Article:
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October 9th, 2009
07:38 PM ET

Nobel Prize fast facts

Alfred Nobel's statue in Stockholm. Nobel laid down who should nominate prizewinners in his will.

Alfred Nobel's statue in Stockholm. Nobel laid down who should nominate prizewinners in his will.

Mishan Afsari
AC360°

Did you know...

Alfred Nobel invented dynamite? Yes, the famous scientist mixed nitroglycerine with kieselguhr and voila! The volatile liquid became a paste that was shaped into rods – a material Nobel patented as dynamite in 1867.

Only 12 women have won the Peace Prize? That's 12 women out of 96 individual winners. The first woman given the award was peace activist Bertha von Suttner in 1906, only 5 years after they started giving the award.

Only one recipient has declined the prize? Vietnamese politician Le Duc Tho was given the award jointly with U.S. Secretary of State Henry Kissinger in their work on the Vietnam peace accord, but Le Duc Tho declined because of the continued situation in his country.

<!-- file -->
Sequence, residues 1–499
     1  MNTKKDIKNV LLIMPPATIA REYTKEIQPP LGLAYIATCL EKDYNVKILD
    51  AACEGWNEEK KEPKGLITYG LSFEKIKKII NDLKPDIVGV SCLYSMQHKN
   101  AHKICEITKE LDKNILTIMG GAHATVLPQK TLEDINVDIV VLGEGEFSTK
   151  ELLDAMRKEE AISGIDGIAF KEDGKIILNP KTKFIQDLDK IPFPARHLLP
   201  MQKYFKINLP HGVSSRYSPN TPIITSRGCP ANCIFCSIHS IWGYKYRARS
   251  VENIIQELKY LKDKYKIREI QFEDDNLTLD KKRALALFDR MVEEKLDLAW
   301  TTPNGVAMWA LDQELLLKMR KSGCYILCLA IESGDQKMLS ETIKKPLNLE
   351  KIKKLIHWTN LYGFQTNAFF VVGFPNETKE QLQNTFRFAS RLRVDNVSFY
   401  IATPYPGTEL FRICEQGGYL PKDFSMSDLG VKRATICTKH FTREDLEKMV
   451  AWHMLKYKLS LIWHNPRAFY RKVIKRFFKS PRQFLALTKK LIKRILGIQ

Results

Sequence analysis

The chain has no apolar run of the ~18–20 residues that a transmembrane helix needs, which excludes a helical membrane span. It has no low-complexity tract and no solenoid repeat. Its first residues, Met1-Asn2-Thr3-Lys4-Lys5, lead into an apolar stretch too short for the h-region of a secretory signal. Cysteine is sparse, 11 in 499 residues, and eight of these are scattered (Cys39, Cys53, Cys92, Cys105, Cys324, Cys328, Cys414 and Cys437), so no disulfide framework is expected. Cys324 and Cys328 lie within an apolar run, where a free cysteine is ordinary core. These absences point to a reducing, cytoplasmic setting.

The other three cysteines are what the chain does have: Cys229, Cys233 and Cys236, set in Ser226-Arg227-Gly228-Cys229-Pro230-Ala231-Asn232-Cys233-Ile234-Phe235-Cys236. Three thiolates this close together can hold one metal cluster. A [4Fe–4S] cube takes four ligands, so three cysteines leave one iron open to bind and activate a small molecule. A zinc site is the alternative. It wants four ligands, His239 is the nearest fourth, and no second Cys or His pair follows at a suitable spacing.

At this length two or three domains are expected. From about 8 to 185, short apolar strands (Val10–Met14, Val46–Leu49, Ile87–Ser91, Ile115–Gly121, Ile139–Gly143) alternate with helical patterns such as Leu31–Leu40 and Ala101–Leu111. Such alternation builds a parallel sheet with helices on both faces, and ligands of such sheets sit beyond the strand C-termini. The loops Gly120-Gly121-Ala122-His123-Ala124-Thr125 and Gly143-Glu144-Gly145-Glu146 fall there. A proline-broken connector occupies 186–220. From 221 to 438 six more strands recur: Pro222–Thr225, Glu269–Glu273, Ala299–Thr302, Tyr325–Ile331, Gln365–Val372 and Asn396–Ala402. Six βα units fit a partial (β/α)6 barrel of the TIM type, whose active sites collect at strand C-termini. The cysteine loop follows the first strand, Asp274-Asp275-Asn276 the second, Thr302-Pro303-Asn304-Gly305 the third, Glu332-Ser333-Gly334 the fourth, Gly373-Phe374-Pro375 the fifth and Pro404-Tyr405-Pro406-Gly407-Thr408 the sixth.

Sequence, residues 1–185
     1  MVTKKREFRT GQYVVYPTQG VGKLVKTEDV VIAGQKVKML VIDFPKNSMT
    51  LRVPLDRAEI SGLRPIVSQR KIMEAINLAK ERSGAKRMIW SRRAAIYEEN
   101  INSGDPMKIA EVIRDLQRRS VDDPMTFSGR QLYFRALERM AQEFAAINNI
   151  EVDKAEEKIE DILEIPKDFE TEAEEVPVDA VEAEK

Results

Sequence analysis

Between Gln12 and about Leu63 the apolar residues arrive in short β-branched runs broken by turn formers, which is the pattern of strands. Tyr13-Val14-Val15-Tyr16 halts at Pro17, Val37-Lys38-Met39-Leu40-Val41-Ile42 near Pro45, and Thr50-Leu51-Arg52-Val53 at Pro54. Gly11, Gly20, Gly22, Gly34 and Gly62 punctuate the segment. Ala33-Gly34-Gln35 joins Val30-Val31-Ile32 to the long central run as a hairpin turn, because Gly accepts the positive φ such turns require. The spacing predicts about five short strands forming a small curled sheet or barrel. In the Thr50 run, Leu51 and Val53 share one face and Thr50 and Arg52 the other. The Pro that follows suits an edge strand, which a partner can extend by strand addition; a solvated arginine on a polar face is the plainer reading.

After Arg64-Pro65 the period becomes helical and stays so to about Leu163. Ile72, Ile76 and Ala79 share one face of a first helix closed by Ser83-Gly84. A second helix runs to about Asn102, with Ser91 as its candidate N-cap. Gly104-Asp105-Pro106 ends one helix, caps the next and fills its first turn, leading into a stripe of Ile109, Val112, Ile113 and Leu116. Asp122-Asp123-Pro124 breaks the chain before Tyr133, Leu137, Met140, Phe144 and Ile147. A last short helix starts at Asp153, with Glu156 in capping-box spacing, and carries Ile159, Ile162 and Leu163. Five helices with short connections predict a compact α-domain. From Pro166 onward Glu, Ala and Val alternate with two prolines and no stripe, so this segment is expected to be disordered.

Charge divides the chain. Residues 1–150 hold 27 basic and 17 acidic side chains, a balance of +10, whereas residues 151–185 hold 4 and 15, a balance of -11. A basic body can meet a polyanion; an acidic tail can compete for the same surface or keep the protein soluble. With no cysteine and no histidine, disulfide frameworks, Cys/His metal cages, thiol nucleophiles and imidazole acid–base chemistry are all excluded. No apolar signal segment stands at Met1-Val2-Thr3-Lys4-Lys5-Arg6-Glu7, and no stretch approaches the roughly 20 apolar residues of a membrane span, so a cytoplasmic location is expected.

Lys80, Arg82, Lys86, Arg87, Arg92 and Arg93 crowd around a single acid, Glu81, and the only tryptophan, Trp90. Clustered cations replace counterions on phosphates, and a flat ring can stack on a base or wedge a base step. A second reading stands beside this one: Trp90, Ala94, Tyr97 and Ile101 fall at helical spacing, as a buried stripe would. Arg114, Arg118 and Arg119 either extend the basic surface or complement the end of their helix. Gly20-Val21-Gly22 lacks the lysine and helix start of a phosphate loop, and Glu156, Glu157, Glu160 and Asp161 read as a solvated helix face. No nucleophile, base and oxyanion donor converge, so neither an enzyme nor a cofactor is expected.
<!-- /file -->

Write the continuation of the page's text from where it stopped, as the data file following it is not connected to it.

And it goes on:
Two laureates were awarded the prize posthumously? In 1931 and 1961 the prize was awarded to people after their death, but since 1974 the Nobel Foundation changed the rules so that a nominee cannot get the prize posthumously unless they died after the announcement.

Winston Churchill actually won the Nobel Prize in Literature but not the Nobel Peace Prize?
In 1953 Churchill only won the prize for literature, although he was nominated for both prizes.

205 individuals were nominated for the 2009 Nobel Peace Prize? That, and 33 organizations.

The youngest laureate was only 32 years old? In 1976 Mairead Corrigan shared the prize with Betty Williams for their accomplishments as founders of the Northern Ireland Peace Movement.

Mahatma Gandhi is considered the “Missing Laureate?” Gandhi was nominated 5 times for the prize for his nonviolent efforts for India’s independence. The last nomination came just days before his assassination in 1948. He never received the Prize, and within the Nobel organization it remains a question as to why.

So, who’s your favorite laureate of all time?

2009 – Barack Obama

2008 – Martti Ahtisaari

2007 – Intergovernmental Panel on Climate Change, Al Gore

2006 – Muhammad Yunus, Grameen Bank

2005 – International Atomic Energy Agency, Mohamed ElBaradei

2004 – Wangari Maathai

2003 – Shirin Ebadi

2002 – Jimmy Carter

2001 – United Nations, Kofi Annan

2000 – Kim Dae-jung

1999 – Médecins Sans Frontières

1998 – John Hume, David Trimble

1997 – International Campaign to Ban Landmines, Jody Williams

1996 – Carlos Filipe Ximenes Belo, José Ramos-Horta